Yesterday was my momma’s birthday.
As far back as I can remember, birthdays have always been a big deal in this family.
same day, same people, (really similar outfits), different year
We like celebrations. Then again, who doesn’t? Cake, smiles, laughter, friends, joy, family, more cake…these things equate happiness.
Sometimes, though, there are other feelings that sneak into celebrations.
Memories of people who used to celebrate with us. Nostalgia. Things we file under the category of bittersweet.
As a unit, I think we were really missing this lady last night.
My momma’s momma. My Momo.
Until last night, I think I had limited my memory of her to goodbye. Over a year has gone by, but still I could not go deeper into how things used to be; when she would drive to our house for every birthday, make fried chicken for dinner and a chocolate pie for dessert. Our celebration last night changed that. And I’m so glad that it did – I needed to remember.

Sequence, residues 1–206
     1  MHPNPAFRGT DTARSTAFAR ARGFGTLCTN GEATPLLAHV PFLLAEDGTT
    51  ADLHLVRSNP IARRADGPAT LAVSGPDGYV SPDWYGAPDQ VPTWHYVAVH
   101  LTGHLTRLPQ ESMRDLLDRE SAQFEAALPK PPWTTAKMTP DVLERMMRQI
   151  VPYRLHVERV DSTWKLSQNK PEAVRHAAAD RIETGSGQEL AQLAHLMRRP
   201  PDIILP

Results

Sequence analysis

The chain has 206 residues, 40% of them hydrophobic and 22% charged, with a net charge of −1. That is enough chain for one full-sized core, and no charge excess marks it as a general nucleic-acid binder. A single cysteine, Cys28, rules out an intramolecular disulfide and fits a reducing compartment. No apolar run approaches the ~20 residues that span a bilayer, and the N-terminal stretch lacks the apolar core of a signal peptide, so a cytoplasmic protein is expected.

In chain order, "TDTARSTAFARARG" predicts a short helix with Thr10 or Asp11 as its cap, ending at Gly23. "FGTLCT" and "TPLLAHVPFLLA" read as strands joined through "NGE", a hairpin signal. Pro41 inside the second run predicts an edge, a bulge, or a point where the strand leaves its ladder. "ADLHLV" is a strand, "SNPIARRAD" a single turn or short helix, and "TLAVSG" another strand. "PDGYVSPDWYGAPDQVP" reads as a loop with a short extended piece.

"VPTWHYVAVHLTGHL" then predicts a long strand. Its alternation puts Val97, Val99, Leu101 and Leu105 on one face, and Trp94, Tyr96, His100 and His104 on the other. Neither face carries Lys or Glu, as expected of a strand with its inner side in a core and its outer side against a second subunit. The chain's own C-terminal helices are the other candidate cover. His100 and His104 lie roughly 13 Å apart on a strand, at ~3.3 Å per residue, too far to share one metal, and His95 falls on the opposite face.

After all, my mom is a part of my grandmother. In celebrating one’s entry into the world, we remember the other’s exit.
I have a B.A. in Creative Writing. To obtain that degree, I had do quite a bit of poetry writing. I pretended not to like it. It seemed gratuitous; overly emotional and feely-feely. I wanted to do young adult fiction that was pop-y and bright. I wanted to write life into protagonists who loved the color pink, and ate cupcakes, and dreamed of being Homecoming queen, and talked about boys and silly drama and fashion. That was that. No black berets and tortured souls and rain-spattered windows for me, thank you.
Mostly, that is what I do. Proof: I’ll submit the final draft of a YA manuscript to my editing team at the end of this month. But sometimes poetry just gets at it more than prose – “it” being that nameless feeling, that forgotten memory that tends to sneak into things like birthday celebrations.
That being said:
We miss you, Momo.
Happy birthday, Momma.